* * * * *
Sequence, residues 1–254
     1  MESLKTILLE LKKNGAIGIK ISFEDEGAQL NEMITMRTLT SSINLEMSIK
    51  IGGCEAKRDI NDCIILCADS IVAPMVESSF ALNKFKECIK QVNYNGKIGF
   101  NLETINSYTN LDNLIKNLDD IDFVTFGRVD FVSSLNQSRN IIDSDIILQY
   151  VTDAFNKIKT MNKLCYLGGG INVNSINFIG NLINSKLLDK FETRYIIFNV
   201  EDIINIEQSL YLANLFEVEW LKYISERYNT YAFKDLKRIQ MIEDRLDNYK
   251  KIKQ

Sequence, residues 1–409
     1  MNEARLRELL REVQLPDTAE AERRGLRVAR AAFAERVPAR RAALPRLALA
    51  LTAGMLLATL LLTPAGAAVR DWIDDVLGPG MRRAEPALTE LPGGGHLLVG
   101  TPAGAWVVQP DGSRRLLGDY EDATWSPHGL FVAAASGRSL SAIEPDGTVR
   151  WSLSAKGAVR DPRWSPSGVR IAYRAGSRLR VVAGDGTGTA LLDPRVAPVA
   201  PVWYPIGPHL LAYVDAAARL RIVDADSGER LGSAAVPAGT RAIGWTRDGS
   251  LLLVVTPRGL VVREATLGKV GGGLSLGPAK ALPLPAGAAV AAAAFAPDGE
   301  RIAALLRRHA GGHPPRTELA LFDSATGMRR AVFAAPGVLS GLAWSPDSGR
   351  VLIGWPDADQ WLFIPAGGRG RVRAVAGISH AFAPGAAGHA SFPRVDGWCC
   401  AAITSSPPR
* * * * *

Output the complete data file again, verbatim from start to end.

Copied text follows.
Sequence, residues 1–254
     1  MESLKTILLE LKKNGAIGIK ISFEDEGAQL NEMITMRTLT SSINLEMSIK
    51  IGGCEAKRDI NDCIILCADS IVAPMVESSF ALNKFKECIK QVNYNGKIGF
   101  NLETINSYTN LDNLIKNLDD IDFVTFGRVD FVSSLNQSRN IIDSDIILQY
   151  VTDAFNKIKT MNKLCYLGGG INVNSINFIG NLINSKLLDK FETRYIIFNV
   201  EDIINIEQSL YLANLFEVEW LKYISERYNT YAFKDLKRIQ MIEDRLDNYK
   251  KIKQ

Sequence, residues 1–409
     1  MNEARLRELL REVQLPDTAE AERRGLRVAR AAFAERVPAR RAALPRLALA
    51  LTAGMLLATL LLTPAGAAVR DWIDDVLGPG MRRAEPALTE LPGGGHLLVG
   101  TPAGAWVVQP DGSRRLLGDY EDATWSPHGL FVAAASGRSL SAIEPDGTVR
   151  WSLSAKGAVR DPRWSPSGVR IAYRAGSRLR VVAGDGTGTA LLDPRVAPVA
   201  PVWYPIGPHL LAYVDAAARL RIVDADSGER LGSAAVPAGT RAIGWTRDGS
   251  LLLVVTPRGL VVREATLGKV GGGLSLGPAK ALPLPAGAAV AAAAFAPDGE
   301  RIAALLRRHA GGHPPRTELA LFDSATGMRR AVFAAPGVLS GLAWSPDSGR
   351  VLIGWPDADQ WLFIPAGGRG RVRAVAGISH AFAPGAAGHA SFPRVDGWCC
   401  AAITSSPPR